Last year Emory University in Atlanta debuted its African Origins website. The site contained a database of more than 9,000 Africans who were enslaved but later freed by the Courts of Mixed Commission in Havana, Cuba, and Freetown, Sierra Leone. Researchers took the names from ships’ registers and made recordings of the names as they were likely pronounced by officials in Havana and Freetown. They then played these recordings to linguistics experts in an effort to identify the African origins of people who were on these ships. Visitors to the site can browse through a list of names, hear how they are pronounced, and can fill out an online form if they have any information that will help researchers determine where in Africa these people originated.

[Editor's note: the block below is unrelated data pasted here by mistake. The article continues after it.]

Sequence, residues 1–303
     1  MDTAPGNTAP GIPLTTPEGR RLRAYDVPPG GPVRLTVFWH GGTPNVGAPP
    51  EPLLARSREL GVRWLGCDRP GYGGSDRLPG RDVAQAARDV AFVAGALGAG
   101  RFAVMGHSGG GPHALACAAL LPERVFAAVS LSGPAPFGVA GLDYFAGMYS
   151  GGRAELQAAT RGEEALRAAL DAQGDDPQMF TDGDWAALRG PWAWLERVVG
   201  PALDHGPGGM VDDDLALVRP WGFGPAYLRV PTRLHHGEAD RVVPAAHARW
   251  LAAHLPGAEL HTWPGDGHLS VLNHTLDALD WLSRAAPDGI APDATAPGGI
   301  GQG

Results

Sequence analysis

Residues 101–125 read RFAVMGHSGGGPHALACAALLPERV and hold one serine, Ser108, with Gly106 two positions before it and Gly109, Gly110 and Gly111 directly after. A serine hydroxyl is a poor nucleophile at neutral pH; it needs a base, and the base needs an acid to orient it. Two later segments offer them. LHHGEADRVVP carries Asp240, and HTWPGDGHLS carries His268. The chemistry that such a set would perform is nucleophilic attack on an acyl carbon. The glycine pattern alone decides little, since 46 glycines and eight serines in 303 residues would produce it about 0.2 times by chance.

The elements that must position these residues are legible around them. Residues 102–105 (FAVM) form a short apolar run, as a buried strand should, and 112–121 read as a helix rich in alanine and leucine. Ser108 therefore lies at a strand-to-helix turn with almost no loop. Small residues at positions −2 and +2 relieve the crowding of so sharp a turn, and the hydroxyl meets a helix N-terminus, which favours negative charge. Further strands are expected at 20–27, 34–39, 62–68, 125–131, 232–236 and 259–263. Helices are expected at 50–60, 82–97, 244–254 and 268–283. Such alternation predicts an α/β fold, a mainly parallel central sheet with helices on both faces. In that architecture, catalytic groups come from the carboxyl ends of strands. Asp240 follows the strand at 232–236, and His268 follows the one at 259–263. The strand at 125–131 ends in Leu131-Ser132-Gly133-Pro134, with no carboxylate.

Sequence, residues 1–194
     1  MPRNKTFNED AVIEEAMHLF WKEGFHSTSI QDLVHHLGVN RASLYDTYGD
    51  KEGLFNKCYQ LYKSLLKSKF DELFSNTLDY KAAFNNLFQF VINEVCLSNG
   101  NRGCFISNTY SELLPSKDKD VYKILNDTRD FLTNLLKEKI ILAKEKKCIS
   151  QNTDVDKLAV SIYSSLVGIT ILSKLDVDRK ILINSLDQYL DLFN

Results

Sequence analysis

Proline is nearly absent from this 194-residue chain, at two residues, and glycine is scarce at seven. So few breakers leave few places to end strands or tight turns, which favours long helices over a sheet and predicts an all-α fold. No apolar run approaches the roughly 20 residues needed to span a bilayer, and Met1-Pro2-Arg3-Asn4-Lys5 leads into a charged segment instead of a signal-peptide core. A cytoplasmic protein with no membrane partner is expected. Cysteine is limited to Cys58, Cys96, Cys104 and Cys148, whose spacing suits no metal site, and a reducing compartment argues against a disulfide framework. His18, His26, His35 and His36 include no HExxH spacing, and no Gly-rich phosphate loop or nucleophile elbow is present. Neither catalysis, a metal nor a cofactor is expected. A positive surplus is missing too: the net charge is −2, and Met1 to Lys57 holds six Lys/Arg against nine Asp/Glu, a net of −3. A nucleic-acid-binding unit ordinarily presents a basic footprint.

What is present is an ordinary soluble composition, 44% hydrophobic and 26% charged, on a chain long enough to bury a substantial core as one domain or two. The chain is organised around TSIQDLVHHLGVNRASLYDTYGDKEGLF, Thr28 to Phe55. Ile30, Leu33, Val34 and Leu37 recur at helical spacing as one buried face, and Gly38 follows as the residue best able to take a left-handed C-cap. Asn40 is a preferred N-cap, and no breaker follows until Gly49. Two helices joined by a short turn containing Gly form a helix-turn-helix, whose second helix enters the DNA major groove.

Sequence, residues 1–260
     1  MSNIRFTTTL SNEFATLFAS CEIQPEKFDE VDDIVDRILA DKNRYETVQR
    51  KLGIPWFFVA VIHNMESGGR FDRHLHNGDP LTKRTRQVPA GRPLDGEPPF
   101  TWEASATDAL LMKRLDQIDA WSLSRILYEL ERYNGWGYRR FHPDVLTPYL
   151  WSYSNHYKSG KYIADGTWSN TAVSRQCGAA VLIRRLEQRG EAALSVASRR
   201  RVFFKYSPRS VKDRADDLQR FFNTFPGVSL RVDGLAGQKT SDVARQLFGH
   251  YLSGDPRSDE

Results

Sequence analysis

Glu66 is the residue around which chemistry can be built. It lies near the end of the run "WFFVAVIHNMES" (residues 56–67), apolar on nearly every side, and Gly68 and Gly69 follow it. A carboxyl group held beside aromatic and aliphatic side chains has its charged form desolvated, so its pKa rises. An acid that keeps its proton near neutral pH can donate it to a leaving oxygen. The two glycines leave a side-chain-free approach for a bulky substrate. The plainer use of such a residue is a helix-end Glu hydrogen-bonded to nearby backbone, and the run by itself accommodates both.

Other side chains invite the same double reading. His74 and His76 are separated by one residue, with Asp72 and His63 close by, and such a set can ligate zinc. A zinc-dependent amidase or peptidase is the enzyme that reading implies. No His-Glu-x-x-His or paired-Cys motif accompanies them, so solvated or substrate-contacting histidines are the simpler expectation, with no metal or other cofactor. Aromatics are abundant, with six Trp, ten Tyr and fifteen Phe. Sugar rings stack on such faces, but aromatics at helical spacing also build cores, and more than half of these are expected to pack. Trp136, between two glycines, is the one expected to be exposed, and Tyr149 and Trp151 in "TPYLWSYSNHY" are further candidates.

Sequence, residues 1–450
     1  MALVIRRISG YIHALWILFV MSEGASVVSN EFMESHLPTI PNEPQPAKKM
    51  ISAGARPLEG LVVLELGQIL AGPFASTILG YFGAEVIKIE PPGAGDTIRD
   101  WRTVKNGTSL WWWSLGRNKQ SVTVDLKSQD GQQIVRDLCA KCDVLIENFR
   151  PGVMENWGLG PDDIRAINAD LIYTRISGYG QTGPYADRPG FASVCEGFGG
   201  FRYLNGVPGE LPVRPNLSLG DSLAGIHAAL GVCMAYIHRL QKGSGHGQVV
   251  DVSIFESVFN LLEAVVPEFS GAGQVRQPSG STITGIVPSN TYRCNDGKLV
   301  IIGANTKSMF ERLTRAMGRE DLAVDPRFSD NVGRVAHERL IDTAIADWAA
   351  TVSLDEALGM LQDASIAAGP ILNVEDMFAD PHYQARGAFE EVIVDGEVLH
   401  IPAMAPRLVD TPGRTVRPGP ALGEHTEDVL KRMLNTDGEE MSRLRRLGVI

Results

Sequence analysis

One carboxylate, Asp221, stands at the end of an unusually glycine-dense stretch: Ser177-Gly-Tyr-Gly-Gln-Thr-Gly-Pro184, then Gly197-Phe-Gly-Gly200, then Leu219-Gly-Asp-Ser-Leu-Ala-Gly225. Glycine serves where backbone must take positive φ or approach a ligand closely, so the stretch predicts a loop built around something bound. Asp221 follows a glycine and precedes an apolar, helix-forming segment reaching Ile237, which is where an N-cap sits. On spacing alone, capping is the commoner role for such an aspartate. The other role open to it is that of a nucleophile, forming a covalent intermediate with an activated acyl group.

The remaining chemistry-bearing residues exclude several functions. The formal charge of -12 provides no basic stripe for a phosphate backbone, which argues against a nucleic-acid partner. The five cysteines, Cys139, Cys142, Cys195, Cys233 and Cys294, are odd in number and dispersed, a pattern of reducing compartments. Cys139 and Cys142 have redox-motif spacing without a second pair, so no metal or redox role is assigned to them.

Now Emory has added the names of an additional 80,000 African captives who were victims of the illegal slave trade. The updated database now contains about one half of all the people rescued from illegal slave vessels in the 1808 to 1862 period.
Here is a video that explains the project.